Short fiction by Eric Bosse

a short fiction by Barbara Montgomery

“You risked a lot on that relationship.”

“Yeah. I did.”

Not even telephone noise. That was as close as it ever got to sympathy. There was nothing more to say.

I was a quiet, reserved person who invested her life in caring for others. With determination and strength. Especially for those I loved no matter how or why the need. I mothered, I mentored. I defended the dumb, the unthinking, the innocent. I’d done this long enough to know that everyone’s hurts are real— that each pain has an honorable reason to be. Then I gave this all away.

A fifth of a box of bow-tie pasta.

Last year, horizons tilted and disappeared. Mercury ran off the backs of all the mirrors and ate the air. And I raced so far into the forest that my skin deserted my body and I didn’t recognize myself.

Frozen corn tortillas. 99 cents.

There I heard the voices that loved to hate me. Of anxious, bastard children I thought I’d shed. Hairless, dirt-toed, unvaccinated, elbowing strangers, each arguing with the same demanding, wet scream. They’d grown so strong over the years. They would not leave my head.


I bought drugs so I could dress in peace. When that volume gradually, finally receded I began to pick out syllables enough to form words. Then sentences. And slowly some questions. But they stayed boxed inside my head where the only answer was “I didn’t know. I didn’t know.” 

Was I wrong? How to decide? Should I know?

Sea salt. Bay leaves.

I thought I would ask some friends. Among that porcelain teacupful, I chose a poet, a confidante, and a sister—none a relative. Ones whose open eyes I’d sometimes noted.

An almost-full bottle of Orange Water.

We must work to define our individuality and then feel good about it,” confidante said. “If we are even partially composed of (or defined by) the will or opinion of others, we will ultimately lose our way and become vulnerable and frail. Once you can reflect your own wonderful uniqueness, you will draw others who can only be appreciative and steadfast, whoever they are. As much as I abhor trite phrases like ‘no pain, no gain’… ”

Candy canes in a ribbon. Soymilk dated July last year.

Where would you like to live?” sister said. “It’s not what you don’t have, it’s what you can and should have; all there for the taking… ”

Half a candle smelling like sea kelp. Wooden matches.

A year ago, a year ago today we’d said:

What’s going on here? Are we all right?”

One gentle smile.

What do you think? What do you feel?”


How did this happen? What can we do?”


I never imagined it would be this way. I never imagined …”

I didn’t either.”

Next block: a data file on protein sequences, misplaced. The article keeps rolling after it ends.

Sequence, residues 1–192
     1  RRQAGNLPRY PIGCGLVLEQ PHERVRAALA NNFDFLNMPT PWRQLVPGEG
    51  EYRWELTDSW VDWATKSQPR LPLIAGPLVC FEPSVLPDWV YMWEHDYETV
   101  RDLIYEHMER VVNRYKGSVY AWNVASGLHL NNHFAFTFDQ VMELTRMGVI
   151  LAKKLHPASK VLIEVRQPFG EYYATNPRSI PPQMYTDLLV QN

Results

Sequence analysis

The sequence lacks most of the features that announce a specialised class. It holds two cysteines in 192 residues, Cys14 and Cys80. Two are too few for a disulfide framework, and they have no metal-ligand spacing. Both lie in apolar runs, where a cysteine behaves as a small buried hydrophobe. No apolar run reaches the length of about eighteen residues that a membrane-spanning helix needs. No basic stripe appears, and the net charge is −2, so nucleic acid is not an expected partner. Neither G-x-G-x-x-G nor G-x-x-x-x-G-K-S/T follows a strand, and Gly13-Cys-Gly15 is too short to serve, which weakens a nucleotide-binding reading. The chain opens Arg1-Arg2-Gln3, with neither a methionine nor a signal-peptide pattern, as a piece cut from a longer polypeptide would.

What happened next? The space between looked like a naked stranger. If you can’t return, you can’t stay. Not like that. Not where words have turned to water.

A muffin pan.

A year running from anger. An itching, irritating, drunken endless year. All the wrong bandages and expenses. Move. Help your mother. You scare her.

Dusty wineglasses.

Move again. Become your children’s child. You confuse them. They demur.

Sprouted garlic.

The one who stayed was always in the corner. Answered the phone but not the wrong questions. Always answered the phone.

Can you hear yourself?” he would say.

‘Can’t,’ ‘Don’t,’ hear that?”

When I could no longer say those words, I could not swallow either. A gorged heart lodged in my chest, my stomach, my throat.

Then, “Breathe”

There was nowhere else to go but forward.

Remember to eat, please.”

A series of the smallest steps. Slow. Discrete.

Why go there? Did you sleep?”

And there were bad decisions. A gun in the trunk of the car doesn’t last long and isn’t very entertaining. And thieves of privacy soon look ugly, even to themselves. Did I really have to learn those words? Was I so reckless about choices?

He stayed in the corner. “I care about you”

This is my corner? But I hate this corner. I don’t own this corner. It’s not even a corner!”

It’s where you are. Small steps. Breathe. Write. It’ll take time. I care about you.”

I began to write away the shadows in the corner. And then I admitted it.

Two corners make half a room. Having two perspectives. Not a finished shelter but countable steps out of the forest. 

Between the corners is what was risked and what was gained.

The box of Sunmaid raisins will still be good next year.


©2001 Barbara Montgomery

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